High spatiotemporal resolution scintillation imaging of pulsed pencil beam scanning proton beams produced by a gantry-mounted synchrocyclotron

S. Murty Goddu, Yao Hao, Zhen Ji, Jufri Setianegara, Fengwei Liu, Winter Green, Lee G. Sobotka, Tianyu Zhao, Stephanie Perkins, Arash Darafsheh

Research output: Contribution to journalArticlepeer-review


Background: A dosimeter with high spatial and temporal resolution would be of significant interest for pencil beam scanning (PBS) proton beams’ characterization, especially when facing small fields and beams with high temporal dynamics. Optical imaging of scintillators has potential in providing sub-millimeter spatial resolution with pulse-by-pulse basis temporal resolution when the imaging system is capable of operating in synchrony with the beam-producing accelerator. Purpose: We demonstrate the feasibility of imaging PBS proton beams as they pass through a plastic scintillator detector to simultaneously obtain multiple beam parameters, including proton range, pencil beam's widths at different depths, spot's size, and spot's position on a pulse-by-pulse basis with sub-millimeter resolution. Materials and methods: A PBS synchrocyclotron was used for proton irradiation. A BC-408 plastic scintillator block with 30 × 30 × 5 cm3 size, and another block with 30 × 30 × 0.5 cm3 size, positioned in an optically sealed housing, were used sequentially to measure the proton range, and spot size/location, respectively. A high-speed complementary metal-oxide-semiconductor (CMOS) camera system synchronized with the accelerator's pulses through a gating module was used for imaging. Scintillation images, captured with the camera directly facing the 5-cm-thick scintillator, were corrected for background (BG), and ionization quenching of the scintillator to obtain the proton range. Spots’ position and size were obtained from scintillation images of the 0.5-cm-thick scintillator when a 45° mirror was used to reflect the scintillation light toward the camera. Results: Scintillation images with 0.16 mm/pixel resolution corresponding to all proton pulses were captured. Pulse-by-pulse analysis showed that variations of the range, spots’ position, and size were within ± 0.2% standard deviation of their average values. The absolute ranges were within ± 1 mm of their expected values. The average spot-positions were mostly within ± 0.8 mm and spots’ sigma agreed within 0.2 mm of the expected values. Conclusion: Scintillation-imaging PBS beams with high-spatiotemporal resolution is feasible and may help in efficient and cost-effective acceptance testing and commissioning of existing and even emerging technologies such as FLASH, grid, mini-beams, and so forth.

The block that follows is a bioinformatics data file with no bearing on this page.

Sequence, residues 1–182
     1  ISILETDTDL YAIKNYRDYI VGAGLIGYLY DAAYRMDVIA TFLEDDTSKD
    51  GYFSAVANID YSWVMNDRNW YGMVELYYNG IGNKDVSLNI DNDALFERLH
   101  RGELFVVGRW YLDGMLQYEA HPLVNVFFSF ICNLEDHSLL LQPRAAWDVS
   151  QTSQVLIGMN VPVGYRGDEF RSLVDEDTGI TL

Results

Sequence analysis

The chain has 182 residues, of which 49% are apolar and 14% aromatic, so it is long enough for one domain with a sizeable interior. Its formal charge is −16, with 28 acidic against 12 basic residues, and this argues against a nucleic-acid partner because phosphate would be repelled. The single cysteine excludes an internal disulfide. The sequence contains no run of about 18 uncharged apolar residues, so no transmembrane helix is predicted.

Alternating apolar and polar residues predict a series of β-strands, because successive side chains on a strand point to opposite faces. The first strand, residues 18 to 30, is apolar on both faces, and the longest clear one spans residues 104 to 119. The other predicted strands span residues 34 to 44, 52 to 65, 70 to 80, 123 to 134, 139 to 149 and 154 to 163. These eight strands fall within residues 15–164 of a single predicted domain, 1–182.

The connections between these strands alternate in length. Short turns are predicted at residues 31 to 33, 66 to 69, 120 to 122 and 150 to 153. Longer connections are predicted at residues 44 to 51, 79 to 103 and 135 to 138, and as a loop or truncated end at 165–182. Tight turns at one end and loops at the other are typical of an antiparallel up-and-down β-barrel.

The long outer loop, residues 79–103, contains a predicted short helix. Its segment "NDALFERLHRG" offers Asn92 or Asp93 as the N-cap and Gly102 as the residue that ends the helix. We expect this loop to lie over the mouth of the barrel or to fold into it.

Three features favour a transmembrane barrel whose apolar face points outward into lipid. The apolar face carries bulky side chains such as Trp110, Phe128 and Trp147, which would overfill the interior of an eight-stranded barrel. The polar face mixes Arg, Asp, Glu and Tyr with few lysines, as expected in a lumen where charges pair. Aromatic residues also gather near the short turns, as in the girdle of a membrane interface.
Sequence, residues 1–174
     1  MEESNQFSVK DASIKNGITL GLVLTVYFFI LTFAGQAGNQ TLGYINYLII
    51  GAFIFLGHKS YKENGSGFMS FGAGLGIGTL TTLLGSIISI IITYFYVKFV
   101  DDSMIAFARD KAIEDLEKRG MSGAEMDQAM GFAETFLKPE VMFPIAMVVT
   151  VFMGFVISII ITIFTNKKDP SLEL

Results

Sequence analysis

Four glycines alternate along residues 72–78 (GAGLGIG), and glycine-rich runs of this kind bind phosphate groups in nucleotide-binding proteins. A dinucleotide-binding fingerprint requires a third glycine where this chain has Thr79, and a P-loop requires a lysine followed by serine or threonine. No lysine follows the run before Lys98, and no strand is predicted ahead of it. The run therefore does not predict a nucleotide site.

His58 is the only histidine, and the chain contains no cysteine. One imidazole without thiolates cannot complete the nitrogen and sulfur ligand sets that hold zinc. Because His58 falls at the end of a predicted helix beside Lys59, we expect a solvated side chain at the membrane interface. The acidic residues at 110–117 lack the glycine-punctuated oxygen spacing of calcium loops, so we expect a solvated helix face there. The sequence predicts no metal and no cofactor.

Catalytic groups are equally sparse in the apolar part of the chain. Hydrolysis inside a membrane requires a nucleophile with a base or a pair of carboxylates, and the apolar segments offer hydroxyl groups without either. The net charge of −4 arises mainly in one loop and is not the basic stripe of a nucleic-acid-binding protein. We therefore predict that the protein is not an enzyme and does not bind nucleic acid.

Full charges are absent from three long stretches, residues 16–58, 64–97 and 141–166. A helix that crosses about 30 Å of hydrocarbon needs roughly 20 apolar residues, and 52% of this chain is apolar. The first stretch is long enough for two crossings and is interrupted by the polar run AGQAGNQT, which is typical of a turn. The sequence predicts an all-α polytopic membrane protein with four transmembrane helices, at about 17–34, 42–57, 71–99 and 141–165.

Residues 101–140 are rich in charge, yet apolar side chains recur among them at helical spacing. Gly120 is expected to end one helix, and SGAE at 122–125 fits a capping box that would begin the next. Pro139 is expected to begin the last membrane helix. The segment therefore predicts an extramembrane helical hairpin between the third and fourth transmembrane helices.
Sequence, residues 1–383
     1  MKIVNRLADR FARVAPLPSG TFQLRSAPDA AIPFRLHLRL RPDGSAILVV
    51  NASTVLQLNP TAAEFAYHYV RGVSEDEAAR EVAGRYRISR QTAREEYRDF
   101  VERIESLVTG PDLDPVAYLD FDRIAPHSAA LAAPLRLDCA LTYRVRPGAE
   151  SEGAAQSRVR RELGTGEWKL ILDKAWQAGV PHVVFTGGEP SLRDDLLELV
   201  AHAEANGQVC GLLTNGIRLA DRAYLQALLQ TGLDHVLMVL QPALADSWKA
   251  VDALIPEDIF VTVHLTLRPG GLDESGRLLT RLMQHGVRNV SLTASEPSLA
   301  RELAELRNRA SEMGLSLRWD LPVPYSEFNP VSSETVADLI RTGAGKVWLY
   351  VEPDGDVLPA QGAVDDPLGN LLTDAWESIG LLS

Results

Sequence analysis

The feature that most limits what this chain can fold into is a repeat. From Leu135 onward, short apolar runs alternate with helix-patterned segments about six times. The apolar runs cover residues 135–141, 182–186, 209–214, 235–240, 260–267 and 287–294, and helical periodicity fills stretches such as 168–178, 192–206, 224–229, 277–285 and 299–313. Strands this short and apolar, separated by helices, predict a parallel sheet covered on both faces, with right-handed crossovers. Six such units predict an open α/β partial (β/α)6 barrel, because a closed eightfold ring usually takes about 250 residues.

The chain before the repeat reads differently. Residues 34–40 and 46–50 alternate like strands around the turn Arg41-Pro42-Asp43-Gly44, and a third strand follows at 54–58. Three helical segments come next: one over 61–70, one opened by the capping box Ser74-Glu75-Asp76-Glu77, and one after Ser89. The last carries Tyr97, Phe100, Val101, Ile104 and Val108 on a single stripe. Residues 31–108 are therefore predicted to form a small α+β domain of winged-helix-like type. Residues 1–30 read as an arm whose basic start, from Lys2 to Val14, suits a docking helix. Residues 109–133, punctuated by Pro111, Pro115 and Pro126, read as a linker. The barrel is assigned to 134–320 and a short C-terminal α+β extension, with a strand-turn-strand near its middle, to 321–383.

Original languageEnglish
Pages (from-to)4996-5006
Number of pages11
JournalMedical physics
Issue number7
StatePublished - Jul 2024


  • imaging
  • proton therapy
  • quality assurance
  • scintillation
  • synchrocyclotron


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